News National Liberal defector blames ‘reactionary right wing’

Liberal defector blames ‘reactionary right wing’

julia banks quits liberals
Julia Banks (back left) with fellow independents at the start of question time on Tuesday. Photo: Getty
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The Morrison government has been plunged into crisis with Victorian MP Julia Banks to quit the Liberals and sit as an independent. 

Ms Banks dropped her bombshell on Tuesday as Prime Minister Scott Morrison was holding a media conference to say he would announce the first surplus since the global financial crisis and bring forward the federal budget to April 2. 

Her defection means the prospect of a referral of Home Affairs Minister Peter Dutton to the High Court is a live political option.

It also raises Labor’s hopes of legislating a new anti-corruption watchdog from the opposition benches and Parliament forcing the evacuation of all children from Nauru. 

However, Ms Banks, who left the door open to contesting the next election as an independent, pledged to offer the Morrison government confidence and supply. That means she would not support a no-confidence motion that could trigger an early election or block the April 2 budget bills. 

Banks slams ‘reactionary right wing’

In a two-minute statement to the House of Representatives on Tuesday, Ms Banks slammed the Liberal Party’s “reactionary right wing” for dumping Malcolm Turnbull. 

“Effective immediately, I will serve as an independent representative,” she said. 

“In the New Year, I will make a decision about my future career path.” 

A corporate lawyer, Ms Banks announced after the August leadership coup that toppled Mr Turnbull that she would not contest the next election. She has subsequently remained the subject of speculation she might split from the Liberals.

“The gift of time and reflection has provided some clarity regarding the brutal blow against the leadership,” she said on Tuesday.

“Led by members of the reactionary right wing, the coup was aided by many MPs trading their vote for a leadership change in exchange for their individual promotion, preselection endorsements, or silence. Their actions were undeniably for themselves, for their position in the party, their power, their personal ambition.

Not for the Australian people who we represent, not for what stood for 2016 election, not for stability and disregarding that team work and unity delivers success.

Ms Banks said the “aftermath of those dark days in August … laid bare the major parties’ obstructionist and combative actions and internal games”.

In a later statement, she accused the Liberal Party of losing its way.

“My sensible centrist values, belief in economic responsibility and focus on always putting the people first and acting in the nation’s interest has not changed,’’ she said.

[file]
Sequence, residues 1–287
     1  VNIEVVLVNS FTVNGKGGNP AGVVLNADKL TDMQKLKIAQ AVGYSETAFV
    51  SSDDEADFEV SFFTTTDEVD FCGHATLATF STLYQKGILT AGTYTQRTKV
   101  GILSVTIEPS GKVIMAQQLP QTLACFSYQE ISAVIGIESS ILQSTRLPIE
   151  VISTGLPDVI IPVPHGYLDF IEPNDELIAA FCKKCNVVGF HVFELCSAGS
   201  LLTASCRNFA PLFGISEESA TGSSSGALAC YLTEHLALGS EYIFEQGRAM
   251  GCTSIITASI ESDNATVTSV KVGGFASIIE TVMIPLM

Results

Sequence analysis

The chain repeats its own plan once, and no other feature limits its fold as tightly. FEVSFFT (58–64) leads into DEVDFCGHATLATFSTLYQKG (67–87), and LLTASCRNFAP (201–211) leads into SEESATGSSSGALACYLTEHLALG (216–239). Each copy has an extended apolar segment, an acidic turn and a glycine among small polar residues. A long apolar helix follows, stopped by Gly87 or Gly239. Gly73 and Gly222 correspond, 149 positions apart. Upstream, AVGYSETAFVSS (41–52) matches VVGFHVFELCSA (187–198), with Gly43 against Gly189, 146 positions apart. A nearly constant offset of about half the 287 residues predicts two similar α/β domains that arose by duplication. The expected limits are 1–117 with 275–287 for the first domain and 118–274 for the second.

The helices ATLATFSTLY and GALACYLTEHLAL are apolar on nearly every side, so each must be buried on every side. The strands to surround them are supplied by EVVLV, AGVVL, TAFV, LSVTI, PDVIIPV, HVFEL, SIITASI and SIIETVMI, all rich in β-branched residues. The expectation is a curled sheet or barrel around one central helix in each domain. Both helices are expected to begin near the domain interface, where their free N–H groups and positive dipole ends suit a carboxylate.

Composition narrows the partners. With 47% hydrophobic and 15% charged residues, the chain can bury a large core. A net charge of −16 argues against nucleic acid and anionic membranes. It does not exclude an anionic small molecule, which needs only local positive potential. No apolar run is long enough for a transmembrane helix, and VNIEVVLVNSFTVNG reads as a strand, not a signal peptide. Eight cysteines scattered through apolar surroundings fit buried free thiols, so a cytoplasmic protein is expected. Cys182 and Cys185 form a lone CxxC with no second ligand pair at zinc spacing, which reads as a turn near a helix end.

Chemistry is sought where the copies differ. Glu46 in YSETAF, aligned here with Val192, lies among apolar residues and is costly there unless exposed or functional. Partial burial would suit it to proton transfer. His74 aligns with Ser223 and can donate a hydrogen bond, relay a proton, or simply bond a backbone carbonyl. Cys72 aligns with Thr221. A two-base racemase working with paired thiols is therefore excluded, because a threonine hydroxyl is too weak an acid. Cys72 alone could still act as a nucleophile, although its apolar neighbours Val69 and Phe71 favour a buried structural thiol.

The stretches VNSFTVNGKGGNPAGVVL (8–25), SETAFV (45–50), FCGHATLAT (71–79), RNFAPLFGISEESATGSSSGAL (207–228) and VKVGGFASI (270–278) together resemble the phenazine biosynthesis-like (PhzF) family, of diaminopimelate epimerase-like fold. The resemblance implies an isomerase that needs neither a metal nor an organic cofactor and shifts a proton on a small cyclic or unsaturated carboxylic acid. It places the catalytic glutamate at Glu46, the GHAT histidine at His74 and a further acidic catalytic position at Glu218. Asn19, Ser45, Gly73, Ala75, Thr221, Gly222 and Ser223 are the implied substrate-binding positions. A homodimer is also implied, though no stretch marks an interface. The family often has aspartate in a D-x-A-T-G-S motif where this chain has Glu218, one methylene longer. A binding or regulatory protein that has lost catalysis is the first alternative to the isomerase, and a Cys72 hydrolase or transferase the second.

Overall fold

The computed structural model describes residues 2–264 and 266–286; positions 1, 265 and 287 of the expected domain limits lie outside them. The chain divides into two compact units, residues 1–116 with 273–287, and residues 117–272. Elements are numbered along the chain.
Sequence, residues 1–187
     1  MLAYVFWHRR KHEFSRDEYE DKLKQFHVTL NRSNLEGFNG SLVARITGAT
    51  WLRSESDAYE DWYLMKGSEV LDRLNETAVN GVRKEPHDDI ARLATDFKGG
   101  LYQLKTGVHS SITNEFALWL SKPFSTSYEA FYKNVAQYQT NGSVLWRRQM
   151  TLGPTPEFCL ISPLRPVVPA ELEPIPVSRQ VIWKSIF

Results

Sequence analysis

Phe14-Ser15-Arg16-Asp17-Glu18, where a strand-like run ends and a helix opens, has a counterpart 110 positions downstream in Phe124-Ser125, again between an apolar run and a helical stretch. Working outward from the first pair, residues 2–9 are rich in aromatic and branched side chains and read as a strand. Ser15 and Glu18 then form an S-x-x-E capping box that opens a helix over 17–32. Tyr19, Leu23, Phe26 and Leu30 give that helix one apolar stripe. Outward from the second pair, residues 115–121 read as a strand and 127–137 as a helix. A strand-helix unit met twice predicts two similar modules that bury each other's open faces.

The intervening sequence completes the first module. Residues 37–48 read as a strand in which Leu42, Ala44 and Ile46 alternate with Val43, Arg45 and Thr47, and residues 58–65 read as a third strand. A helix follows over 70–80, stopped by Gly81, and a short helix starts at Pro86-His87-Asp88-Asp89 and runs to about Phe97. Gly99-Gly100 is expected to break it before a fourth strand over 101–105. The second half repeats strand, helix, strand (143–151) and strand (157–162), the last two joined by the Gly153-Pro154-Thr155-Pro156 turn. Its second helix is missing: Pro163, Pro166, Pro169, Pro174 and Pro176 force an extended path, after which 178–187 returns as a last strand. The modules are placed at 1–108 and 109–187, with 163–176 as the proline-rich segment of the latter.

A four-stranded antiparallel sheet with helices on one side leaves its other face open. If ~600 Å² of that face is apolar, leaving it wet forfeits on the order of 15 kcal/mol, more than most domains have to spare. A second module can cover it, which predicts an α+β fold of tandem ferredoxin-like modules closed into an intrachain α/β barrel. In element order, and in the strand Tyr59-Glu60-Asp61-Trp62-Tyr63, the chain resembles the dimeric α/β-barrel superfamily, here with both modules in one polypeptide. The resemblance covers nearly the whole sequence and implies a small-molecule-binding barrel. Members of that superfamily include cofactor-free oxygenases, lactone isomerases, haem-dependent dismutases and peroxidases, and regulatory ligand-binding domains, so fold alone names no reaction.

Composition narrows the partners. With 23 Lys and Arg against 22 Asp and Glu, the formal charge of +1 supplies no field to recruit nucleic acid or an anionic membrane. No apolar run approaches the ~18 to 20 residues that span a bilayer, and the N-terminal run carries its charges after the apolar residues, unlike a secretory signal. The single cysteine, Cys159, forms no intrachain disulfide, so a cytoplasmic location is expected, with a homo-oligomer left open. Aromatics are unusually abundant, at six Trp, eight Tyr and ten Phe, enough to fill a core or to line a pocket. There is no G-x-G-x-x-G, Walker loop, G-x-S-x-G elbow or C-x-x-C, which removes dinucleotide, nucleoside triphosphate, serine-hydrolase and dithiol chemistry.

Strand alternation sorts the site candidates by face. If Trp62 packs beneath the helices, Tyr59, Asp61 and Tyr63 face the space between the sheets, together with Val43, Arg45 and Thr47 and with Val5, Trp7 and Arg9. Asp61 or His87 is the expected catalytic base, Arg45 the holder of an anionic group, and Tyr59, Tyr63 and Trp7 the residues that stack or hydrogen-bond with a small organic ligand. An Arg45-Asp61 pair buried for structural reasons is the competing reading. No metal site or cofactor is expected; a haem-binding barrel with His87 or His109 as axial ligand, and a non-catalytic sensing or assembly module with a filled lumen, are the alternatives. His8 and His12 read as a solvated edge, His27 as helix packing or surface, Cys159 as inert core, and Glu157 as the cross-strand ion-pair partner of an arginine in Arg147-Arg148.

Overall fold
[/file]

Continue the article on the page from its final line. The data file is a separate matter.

“The Liberal Party has changed, largely due to the actions of the reactionary and aggressive right-wing who talk about and talk to themselves rather than listening to the people.

State of play

The Coalition now has just 73 votes in the 150-seat Parliament and must rely on independents to pass laws.

Speaker Tony Smith takes the Coalition’s tally to 74, but he does not traditionally vote on legislation.

Mr Smith could use a casting vote in the event of a tie (for example, 74-74) but the speaker’s vote is traditionally used to maintain the status quo or to vote down contentious legislation.  

Labor has 69 MPs while the crossbench will consist of seven independents. That means Labor can pass legislation with the support of five independents (and, therefore a majority of 74 votes).

It can also suspend standing orders and bring on debate on a private members’ bill such as laws to prohibit discrimination against gay students in schools or an anti-corruption commission.

This would be a rare and unusual event.

High Court referral looms for Dutton 

With the government further in minority territory, the prospect of a referral of Mr Dutton to the High Court is a real possibility.

Labor and the cross bench would require a simple majority – 74 votes – to refer him to the High Court over claims he could be in breach of the Section 44 of the Constitution. 

Previously, Labor came within one vote of the High Court action. At the time, Ms Banks was reported to be annoyed with having to save Mr Dutton after his conduct during the leadership coup.

On an anti-corruption commission …

Ms Banks could also bolster Labor’s hopes of legislating for an anti-corruption commission and demanding children are removed from Nauru.

However, to suspend standing orders and debate the legislation, the Labor Party would need an absolute majority – 76 votes.

That rule applies regardless of MPs’ absence for medical or other reasons. 

For example, Mr Dutton is on medical leave because he ripped his bicep off his bone in a DIY mishap.

That means Labor cannot legislate for an anti-corruption watchdog if Mr Dutton extends his sick leave. But it can vote to refer him to the High Court. 

Any such referral might raise the real prospect of an early election because it would reduce the Coalition’s numbers to just 72 of the 150 seats. 

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